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Reviewed by Heikki Suosalo

Rating: 7/ 10

(CDCHD 1583;; 24 tracks, 63 min.)

1. June Conquest: I Do
2. Tony Borders: Cheaters Never Win
3. The Box Tops: Happy Times
4. Wilson Pickett: Up Tight Good Woman
5. Sandy Posey: Hey Mister
6. Bill Brandon: Strangest Feeling
7. The Yo Yo’s: Destroyed
8. Arthur Conley: You Really Know How To Hurt A Guy
9. Guy Darrell: Big Louie
10. Don Varner: The Power Of Love
11. The Ovations: I Need A Lot Of Loving
12. Bobby Bare: In The Same Old Way
13. Merrilee Rush: Handy
14. Bobby Womack: Broadway Walk
15. June Edwards: My Man (My Sweet Man)
16. James & Bobby Purify: Hello There
17. Dee Dee Sharp: Help Me Find My Groove
18. Percy Sledge: I Love Everything About You
19. The Goodees: Goodies
20. Art Freeman: Everybody’s Got To Cry Sometime
21. Jeanie Greene: I’ll Take Care Of You
22. B.J. Thomas: I Pray For Rain
23. Ronnie Milsap: Blue Skies Of Montana
24. Spooner’s Croed: I’ll Be Your Baby

The second volume of Dan Penn & Spooner Oldham songs from the Ace Records features this time more unfamiliar tunes by this Fame/Memphis songwriting couple, and they stem from the late 1960s and early 1970s. Tony Rounce enlightens us in his profound way on the history of each song, and interestingly on this set ten tracks neglect black music genre altogether and are interpreted in pop and country styles. Four tracks were unissued at the time and some of those that were released came out on such national big labels as Atlantic, CBS, RCA and Warner Bros., but inevitably Fame, Quinvy, Minit, South Camp and Goldwax are also present.

In spite of four quite exhilarating upbeat soul tracks by June Conquest (I Do), Don Varner (The Power of Love), the Ovations (I Need a Lot of Loving) and Bobby Womack (Broadway Walk), the eight southern soul ballads hit the * spot for me, especially Tony BordersCheaters Never Win, Wilson Pickett’s Up Tight Good Woman, June EdwardsMy Man (My Sweet Man) and Dee Dee Sharp’s Help Me Find My Groove.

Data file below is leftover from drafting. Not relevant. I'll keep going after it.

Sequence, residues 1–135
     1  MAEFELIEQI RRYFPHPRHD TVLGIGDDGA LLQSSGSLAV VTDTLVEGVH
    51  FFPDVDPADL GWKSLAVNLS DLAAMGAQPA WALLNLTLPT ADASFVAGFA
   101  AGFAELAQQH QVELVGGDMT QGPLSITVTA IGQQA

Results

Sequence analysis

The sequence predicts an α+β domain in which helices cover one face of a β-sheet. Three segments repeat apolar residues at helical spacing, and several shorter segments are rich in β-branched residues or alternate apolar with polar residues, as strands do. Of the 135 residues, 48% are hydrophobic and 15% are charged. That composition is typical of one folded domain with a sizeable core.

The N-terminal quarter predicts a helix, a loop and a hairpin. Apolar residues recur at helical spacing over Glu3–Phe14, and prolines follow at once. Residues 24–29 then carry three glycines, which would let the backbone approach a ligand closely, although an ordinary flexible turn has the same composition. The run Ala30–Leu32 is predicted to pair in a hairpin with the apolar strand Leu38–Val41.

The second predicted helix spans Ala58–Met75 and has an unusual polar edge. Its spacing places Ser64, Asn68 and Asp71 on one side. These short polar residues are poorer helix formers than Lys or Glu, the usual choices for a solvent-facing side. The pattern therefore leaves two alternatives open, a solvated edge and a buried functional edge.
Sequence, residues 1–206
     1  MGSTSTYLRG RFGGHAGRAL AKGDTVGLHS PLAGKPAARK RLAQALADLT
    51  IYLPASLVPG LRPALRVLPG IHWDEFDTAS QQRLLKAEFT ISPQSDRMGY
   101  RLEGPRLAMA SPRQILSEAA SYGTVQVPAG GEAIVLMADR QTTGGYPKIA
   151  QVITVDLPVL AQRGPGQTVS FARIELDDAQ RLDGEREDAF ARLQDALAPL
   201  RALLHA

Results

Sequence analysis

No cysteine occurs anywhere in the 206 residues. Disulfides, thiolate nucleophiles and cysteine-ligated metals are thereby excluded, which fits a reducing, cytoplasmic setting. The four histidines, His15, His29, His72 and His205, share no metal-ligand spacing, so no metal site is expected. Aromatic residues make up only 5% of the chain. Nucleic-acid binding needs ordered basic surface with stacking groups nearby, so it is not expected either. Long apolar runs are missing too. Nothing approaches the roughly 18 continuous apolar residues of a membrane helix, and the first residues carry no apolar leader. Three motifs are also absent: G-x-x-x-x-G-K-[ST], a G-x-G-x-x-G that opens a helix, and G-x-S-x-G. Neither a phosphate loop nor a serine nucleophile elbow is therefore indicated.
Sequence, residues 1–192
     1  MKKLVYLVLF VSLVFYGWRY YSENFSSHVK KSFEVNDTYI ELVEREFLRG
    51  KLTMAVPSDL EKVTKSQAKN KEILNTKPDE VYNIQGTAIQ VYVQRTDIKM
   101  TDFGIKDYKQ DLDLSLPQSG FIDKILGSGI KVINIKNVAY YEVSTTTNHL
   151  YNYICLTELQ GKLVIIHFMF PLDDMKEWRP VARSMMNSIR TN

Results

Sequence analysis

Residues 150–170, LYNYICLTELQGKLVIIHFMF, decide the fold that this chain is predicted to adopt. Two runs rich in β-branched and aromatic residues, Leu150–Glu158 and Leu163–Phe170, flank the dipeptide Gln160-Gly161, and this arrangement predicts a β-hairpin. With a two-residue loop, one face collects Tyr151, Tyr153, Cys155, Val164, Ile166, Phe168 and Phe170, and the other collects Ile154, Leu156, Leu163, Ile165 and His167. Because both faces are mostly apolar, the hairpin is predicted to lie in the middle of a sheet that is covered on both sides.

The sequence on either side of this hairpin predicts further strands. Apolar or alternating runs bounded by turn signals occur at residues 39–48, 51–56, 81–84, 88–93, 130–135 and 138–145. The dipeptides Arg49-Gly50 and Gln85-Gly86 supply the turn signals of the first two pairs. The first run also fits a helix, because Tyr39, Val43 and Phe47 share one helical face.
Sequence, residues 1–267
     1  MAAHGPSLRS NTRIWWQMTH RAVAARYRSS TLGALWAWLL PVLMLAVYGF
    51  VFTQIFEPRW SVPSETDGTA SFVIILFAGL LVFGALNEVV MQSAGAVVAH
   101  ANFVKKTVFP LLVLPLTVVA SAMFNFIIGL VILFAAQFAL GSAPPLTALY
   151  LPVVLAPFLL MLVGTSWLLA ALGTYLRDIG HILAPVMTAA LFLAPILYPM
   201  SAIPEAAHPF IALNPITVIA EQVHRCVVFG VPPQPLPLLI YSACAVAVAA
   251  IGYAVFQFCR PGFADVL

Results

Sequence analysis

THIS IS FAME 1964 - 1968

Reviewed by Heikki Suosalo

Rating: 8/ 10

(Kent, CDKEND 494; 24 tracks, 62 min., notes by Dean Rudland)

1. Jimmy Hughes: Steal Away
2. James Barnett: It Tears Me Up
3. Clarence Carter: She Ain’t Gonna Do Right
4. Arthur Conley: I Can’t Stop (No, No, No)
5. Otis Clay: That Kind Of Lovin’
6. The Del-Rays: Fortune Teller
7. Art Freeman: Slippin’ Around With You
8. James Barnett: Keep On Talking
9. Jimmy Hughes: Hi-Heel Sneakers
10. Ben & Spence: Long Ago
11. Jeanie Greene: Don’t Make Me Hate Loving You
12. Dan Penn: (TakeMe) Just As I Am
13. George Jackson: Back In Your Arms
14. Billy Young: Feed The Flame
15. Ralph “Soul” Jackson: You Really Know How To Hurt A Guy
16. Clarence Carter: Thread The Needle
17. Art Freeman: A Piece Of My Heart
18. Spooner & The Spoons: Wish You Didn’t Have To Go
19. June Conquest: Almost Persuaded
20. Arthur Conley: I’m Gonna Forget About You
21. James Barnett: Take A Good Look
22. Herman Moore: Come On Home
23. Richard Earl & The Corvettes: Blind Can’t See
24. Jimmy Hughes: I Worship The Ground You Walk On

On this set there are as many as ten songs composed by Spooner Oldham and Dan Penn, so the connection between Rick Hall’s Fame label and the writing couple was quite strong. This compilation chronicles the second incarnation of Fame Records from 1964 till 1968, comprising the series of 6401-6410 and 1000-1016. One third of this 24-track CD was not released at the time.

Rick’s biggest Fame stars – Jimmy Hughes and Clarence Carter – are featured combined on five tracks, and other prospective artists in those days - such as James Barnett, Art Freeman and Arthur Conley - all get more than one song. Actually, one of the most emotionally moving songs on the set is James Barnett’s dramatic and deep reading of It Tears Me Up. Other personal favourites include George Jackson’s version of his co-penned soul ballad called Back In Your Arms (later cut by Wilson Pickett), June Conquest’s original take on Almost Persuaded, Richard Earl & the Corvettes’ churchy Blind Can’t See and Jimmy Hughes’ I Worship the Ground You Walk on. In fact, Jimmy’s Steal Away – also included here – was the kickoff hit for Fame in 1964 (# 17 – Billboard Hot).

Along with other gorgeous southern soul slowies by Jeanie Greene, Billy Young and Herman Moore etc., there are thirteen upbeat and mid-tempo tracks on display and the ones that stand out for me are Otis Clay’s That Kind of Lovin’ and James Barnett’s Chicago-styled Keep on Talking.

© Heikki Suosalo

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